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Wednesday, March 30, 2011

Cash for Clunkers 2: The Return of a Failure

According to an Article in the Washington Times, the Government wants to bring back the failed concept of cash for clunkers. Surprised?:

"Is the United States really prepared to deal with another tax payer paid for deal that will only benefit the now government owned GM? After all, did Cash for Clunkers part one really work out for the tax payers and auto dealers? Washington, D.C. based organization Americans for Tax Reform didn't think so and wrote in late October of 2009:

The program began on July 24th with a budget of $1 billion and by July 30th they were out of money. Giving people “free” money to buy cars is definitely popular. Congress then allocated another $2 billion that lasted almost until the end of August. That’s right, $3 billion in under a month. The program didn’t help the economy or auto industry. Despite a bump in the 3rd quarter to GDP and auto sales, consumer spending dropped 0.5% in September and the vehicle output bump was artificial and unsustainable, meaning it will drop off considerably in the next quarter as the market stabilizes to its real level. As Nick Gillespie and Veronique de Rugy pointed out today over at Reason, even the reported GDP bump is misleading, because is includes government spending. So if government spending increases it will increase the GDP, but that doesn’t mean any more was produced.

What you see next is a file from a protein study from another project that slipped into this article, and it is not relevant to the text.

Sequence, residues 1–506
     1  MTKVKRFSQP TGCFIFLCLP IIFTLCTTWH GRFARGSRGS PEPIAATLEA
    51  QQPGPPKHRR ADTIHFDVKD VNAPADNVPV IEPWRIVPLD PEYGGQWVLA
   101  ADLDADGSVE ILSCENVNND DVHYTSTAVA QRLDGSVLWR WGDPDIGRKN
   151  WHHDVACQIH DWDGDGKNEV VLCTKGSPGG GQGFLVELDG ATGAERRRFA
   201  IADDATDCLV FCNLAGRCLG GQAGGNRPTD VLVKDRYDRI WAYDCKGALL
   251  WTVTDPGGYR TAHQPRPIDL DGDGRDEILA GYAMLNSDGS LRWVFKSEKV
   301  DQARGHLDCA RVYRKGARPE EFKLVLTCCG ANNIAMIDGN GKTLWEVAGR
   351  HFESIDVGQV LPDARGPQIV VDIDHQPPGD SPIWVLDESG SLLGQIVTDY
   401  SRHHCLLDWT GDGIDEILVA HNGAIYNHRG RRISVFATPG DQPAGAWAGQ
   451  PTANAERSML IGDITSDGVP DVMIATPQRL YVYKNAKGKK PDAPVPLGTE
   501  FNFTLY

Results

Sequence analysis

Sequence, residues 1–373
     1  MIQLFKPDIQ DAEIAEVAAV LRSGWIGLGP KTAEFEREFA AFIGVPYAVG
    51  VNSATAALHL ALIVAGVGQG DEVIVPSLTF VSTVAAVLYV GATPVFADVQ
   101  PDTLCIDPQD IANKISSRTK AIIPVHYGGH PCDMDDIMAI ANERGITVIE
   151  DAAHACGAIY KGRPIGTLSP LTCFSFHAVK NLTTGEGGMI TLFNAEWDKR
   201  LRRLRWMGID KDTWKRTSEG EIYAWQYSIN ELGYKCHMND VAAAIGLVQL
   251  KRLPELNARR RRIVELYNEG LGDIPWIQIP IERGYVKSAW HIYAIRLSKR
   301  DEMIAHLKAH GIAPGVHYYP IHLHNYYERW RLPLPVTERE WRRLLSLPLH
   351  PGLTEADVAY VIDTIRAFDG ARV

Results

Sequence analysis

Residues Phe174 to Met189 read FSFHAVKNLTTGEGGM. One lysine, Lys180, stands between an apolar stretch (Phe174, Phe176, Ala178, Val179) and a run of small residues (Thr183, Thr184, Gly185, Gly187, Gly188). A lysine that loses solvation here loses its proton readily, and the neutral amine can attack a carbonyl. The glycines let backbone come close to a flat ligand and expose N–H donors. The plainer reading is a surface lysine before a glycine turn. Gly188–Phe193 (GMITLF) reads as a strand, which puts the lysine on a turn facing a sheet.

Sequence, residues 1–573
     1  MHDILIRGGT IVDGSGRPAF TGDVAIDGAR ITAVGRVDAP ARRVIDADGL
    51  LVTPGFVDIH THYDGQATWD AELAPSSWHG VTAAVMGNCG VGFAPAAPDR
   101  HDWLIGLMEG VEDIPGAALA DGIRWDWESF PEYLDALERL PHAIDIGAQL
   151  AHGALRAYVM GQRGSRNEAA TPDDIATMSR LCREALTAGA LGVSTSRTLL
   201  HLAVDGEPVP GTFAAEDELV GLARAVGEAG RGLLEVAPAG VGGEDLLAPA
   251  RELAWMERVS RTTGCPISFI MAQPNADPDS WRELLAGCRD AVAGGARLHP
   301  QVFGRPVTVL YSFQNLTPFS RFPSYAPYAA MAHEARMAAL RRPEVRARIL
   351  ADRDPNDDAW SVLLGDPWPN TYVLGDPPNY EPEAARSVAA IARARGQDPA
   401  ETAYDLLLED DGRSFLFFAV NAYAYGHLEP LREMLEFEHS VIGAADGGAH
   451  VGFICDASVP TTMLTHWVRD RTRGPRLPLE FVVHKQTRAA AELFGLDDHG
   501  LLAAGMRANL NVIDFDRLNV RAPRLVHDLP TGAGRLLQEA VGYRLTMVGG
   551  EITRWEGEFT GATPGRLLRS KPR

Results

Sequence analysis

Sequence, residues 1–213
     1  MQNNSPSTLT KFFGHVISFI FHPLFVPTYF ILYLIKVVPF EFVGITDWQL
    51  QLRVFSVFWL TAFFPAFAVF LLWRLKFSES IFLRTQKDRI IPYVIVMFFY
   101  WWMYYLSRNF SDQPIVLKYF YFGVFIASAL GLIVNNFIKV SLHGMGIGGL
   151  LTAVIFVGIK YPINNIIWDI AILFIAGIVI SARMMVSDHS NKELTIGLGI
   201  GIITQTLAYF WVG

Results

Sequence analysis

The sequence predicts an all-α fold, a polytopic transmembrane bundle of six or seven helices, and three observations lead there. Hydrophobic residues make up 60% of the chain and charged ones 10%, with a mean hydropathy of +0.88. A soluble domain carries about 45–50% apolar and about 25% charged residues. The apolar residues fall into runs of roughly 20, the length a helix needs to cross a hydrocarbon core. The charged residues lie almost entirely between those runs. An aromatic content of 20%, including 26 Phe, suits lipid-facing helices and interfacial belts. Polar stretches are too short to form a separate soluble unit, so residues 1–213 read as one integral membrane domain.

There are also the unseen costs of this program. By encouraging people to junk older vehicles, they lowered the supply of cheap used cars. When you lower supply and keep demand stable, the price goes up. With fewer used cars on the market, the prices for remaining used cars increases. This will make it more difficult for younger drivers or low income drivers to buy cars to get to work or school. (A video by Congressman Ron Paul further explains how it hurts the poor here.) At least the wealthy got a handout to buy their brand new cars though right?

Unfortunately, when ideas turn bad, it does not preclude another similar bad idea to be proposed later on."

If you remember correctly many dealers had a hard time getting paid for the first cash for clunkers program. You think this one will be any better?


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